September is PCOS month and as it continues, we (Reproductive Medicine Associates of Connecticut- RMACT) are remembering anew that there is so much to say about this topic than we have room or time for in one thirty day period.
So we will be continuing through the first two weeks in October with dedicated Polycistic Ovarian Syndrome (PCOS) articles (as well as the rest of the year). Needless to say, but I’m saying it anyway, PCOS symptoms don’t turn off on October 1. Wouldn’t that be amazing? If we only had to have PCOS for the month of September and the other eleven months, no PCOS?
Amazing, but unfortunately not happening anytime soon.
Look for Dr. Joshua Hurwitz’s second PCOS video this coming Monday, September 28. It’s the second out of three videos. Last week, September 14, was the first PCOS video. RMACT's Dr. Hurwitz is a fervent supporter of women with PCOS and shares information from the most updated scientific and medical point of view.
Today, we are pleased to share with you the three things that Carolyn Gundell, MS, RMACT Nutritionist wants you to know are NOT TRUE. PCOS is challenging. No one wants to have more challenges because of efforts that do not help. Thank you Carolyn, for clearing these three important pieces of PCOS folklore up.
Here are three PCOS myths debunked.
Top 3 PCOS Myths Debunked
September is PCOS Awareness Month. RMACT evaluates all adolescents and women ages 14 and older for PCOS. We offer a comprehensive PCOS program for both GYN and fertility patients that educates parents and patients on the benefits of life-long clinical and lifestyle management of PCOS and its co-morbidities. We also welcome women to come back between pregnancies for ongoing care. Thank you to all outside providers for your PCOS referrals. We appreciate your ongoing trust and support in our PCOS program.
Myth #1 – PCOS Diet & Balanced Eating
Myth: “If I do not eat ANY carbs, my PCOS symptoms will get better.”
Truth: PCOS meal planning is not about restriction and chronic dieting, but instead about balanced eating with a variety of nutrient dense foods. Carbohydrates are our primary source of energy, and they should total 40-45% of calories consumed throughout the day for PCOS patients looking to achieve weight loss or maintenance. Many women with PCOS experience great difficulty losing weight, often due to high insulin levels promoting fat storage.
What is a carbohydrate? Many individuals consider carbs to be only rice, bread, and pasta, however, carbs are so much more than that! Some foods that do contain carbohydrates and have a lower glycemic index response include legumes, winter squash, whole grains, milk, yogurt, vegetables and fresh fruit. Many low glycemic carbohydrates are packed with nutrients such as fiber, B vitamins, iron, magnesium, protein and energy—all important for ovulatory balance, weight loss and improved cardio-metabolic profile.
We recommend choosing no more than ½ cup of cooked or one slice of whole grain/starchy servings of a lower glycemic index food at each meal. Here are a few examples: quinoa, black bean or lentil pasta, wild, black, or brown rice, bulgur, barley, lentils and all beans, sweet potatoes, wheat berries, oats, wheat germ, whole grain-low sugar cereals, and sprouted breads. Making sure to include protein at every meal and snack with also help to maintain glucose control and reduce hunger and cravings.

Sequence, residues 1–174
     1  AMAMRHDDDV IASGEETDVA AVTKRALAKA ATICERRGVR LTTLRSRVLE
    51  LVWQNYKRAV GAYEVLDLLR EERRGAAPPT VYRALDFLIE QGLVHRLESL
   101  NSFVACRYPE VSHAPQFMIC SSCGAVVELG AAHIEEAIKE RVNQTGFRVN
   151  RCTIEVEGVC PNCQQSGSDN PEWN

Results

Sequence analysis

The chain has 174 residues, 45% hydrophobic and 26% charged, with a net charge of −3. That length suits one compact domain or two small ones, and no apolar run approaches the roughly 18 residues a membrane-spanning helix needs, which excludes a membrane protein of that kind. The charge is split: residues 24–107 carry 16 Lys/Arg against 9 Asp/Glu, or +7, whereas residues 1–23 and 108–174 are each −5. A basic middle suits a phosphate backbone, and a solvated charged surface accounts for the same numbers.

Several popular very low carbohydrate weight loss diets are high in saturated fat and are not recommended by RMACT because they increase the likelihood of irregular ovulation and dyslipidemia thus decreasing fertility.
Myth #2 – PCOS Weight Loss
Myth: “I will improve my fertility ONLY if I lose weight.”
Truth: We observe improved ovulation, lowered glucose, insulin and lipid levels, and improved insulin sensitivity in our PCOS patients who participate in regular, consistent physical activity combined with a healthy meal plan, even without significant weight loss. Physical activity improves the way our muscles respond to insulin. Increased insulin sensitivity results in overall less insulin which helps to reduce androgen production--which stimulates FSH--and in turn improves ovulation.
Women with PCOS are more likely to have upper body fat distribution, even in the absence of obesity and independent of BMI levels. Exercise also helps to preserve and increase lean body mass and reduce fat mass. More inches around the waist can be lost with movement. Greater visceral adiposity is associated with greater insulin resistance, increased risk for diabetes, and worsened dyslipidemic profile with higher triglycerides and lower HDL cholesterol levels. In summary, consistent activity will not only lower stress and cardio-metabolic risk, but also helps to regulate menstrual cycles and improve fertility.
Myth #3 – Diet Plan for PCOS
Myth: “Meal skipping is the only way that I can control my weight.”
Truth: Meal skipping is a very common behavior seen in PCOS patients. Very low caloric intake causes a PCOS metabolism to shift into storage mode. Weight gain or no weight loss often results. Once a balanced eating routine is restored, starting with an early breakfast rich in protein and fiber, weight loss continues. As soon as meal skipping starts again weight loss stops.
Recent studies support the benefits of a balanced breakfast to increase metabolic rate, keep glucose and insulin stable, and regulate appetite in both lean and overweight PCOS adolescents and women.